Asian markets slipped Wednesday, with Shanghai suffering another heavy loss owing to weak earnings, while the dollar edged down after more weak US data made an early interest rate rise unlikely.
The euro continued to hold its own, with investors hopeful that Greece will be able to hammer out a bailout reform deal with its creditors, helping it avert a default.
Hong Kong lost 0.38 percent, Shanghai lost 1.40 percent, Sydney fell 1.03 percent and Seoul shed 0.15 percent.
Tokyo was closed for a public holiday.
With few major catalysts, regional investors are turning their focus on the Fed's two-day meeting, which wraps up later in the day.
While the central bank will not announce any policy move, its statement will be pored over for any guidance over interest rates.
On Tuesday, the Conference Board reported its index of consumer confidence tumbled in March, instead of rising as expected. Consumers reported growing pessimism about current and short-term US economic conditions.
A series of disappointing indicators has fuelled speculation the bank will want to wait to increase rates, which have been pegged at zero since 2008. The Fed had signalled a possible hike as early as June, but analysts now expect it in September at the earliest.
Wednesday will also see the release of the government's first estimate on first-quarter economic growth, with analysts forecasting 1.0 percent, down from a 2.2 percent pace in the previous three months.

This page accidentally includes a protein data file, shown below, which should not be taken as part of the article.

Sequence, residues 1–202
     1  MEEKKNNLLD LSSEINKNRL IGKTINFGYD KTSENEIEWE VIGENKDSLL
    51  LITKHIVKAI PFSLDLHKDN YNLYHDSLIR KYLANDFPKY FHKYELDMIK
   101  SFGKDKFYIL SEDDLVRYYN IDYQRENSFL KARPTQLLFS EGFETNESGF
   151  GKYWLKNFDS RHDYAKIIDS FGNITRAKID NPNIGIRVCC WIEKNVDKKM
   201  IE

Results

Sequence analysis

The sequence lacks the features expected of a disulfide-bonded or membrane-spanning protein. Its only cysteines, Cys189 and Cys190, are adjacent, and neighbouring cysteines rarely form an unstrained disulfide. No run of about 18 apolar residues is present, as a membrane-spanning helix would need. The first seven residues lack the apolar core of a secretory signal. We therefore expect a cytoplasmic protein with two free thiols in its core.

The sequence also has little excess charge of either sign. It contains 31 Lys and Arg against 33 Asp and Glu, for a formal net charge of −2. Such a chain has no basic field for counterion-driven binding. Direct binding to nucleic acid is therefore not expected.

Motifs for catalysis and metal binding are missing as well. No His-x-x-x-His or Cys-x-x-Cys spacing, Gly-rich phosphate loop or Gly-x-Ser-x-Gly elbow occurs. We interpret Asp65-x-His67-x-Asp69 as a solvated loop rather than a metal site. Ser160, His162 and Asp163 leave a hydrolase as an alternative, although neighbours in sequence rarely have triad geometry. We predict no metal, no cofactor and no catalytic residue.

However, on Wall Street the Dow added 0.40 percent and the S&P 500 rose 0.28 percent but the Nasdaq eased 0.10 percent
The narrowing chances of a rate increase has weighed on the dollar, which fell to 118.88 yen in New York Tuesday from 119.10 yen earlier in the day in Tokyo. On Wednesday in Asia the greenback was at 118.82 yen.
The euro was at $1.0974 and $130.41 against $1.0981 and 130.55 yen in US trade. However, it is sharply up from $1.0880 and 129.54 yen in Tokyo Tuesday.
Despite talks between Greece's government and its creditors dragging on, there is hope for an agreement on the bailout that will unlock billions of euros, allowing Athens to avert a default and stay in the eurozone.
Investors cheered Prime Minister Alexis Tsipras' decision to reshuffle his negotiating team, while he has also expressed confidence in a compromise.
According to press reports Greece's hard-left, anti-austerity leadership could also be prepared to adopt some reforms previously rejected, including a reinforced tax collection system, taxing television adverts and ramping up levies on luxury goods.
Oil prices inched lower ahead of the release of the latest US supply report. US benchmark West Texas Intermediate for June delivery eased 22 cents to $56.84 while Brent crude fell 13 cents to $64.51.
Gold fetched $1,211.49 against $1,201.29 late Tuesday.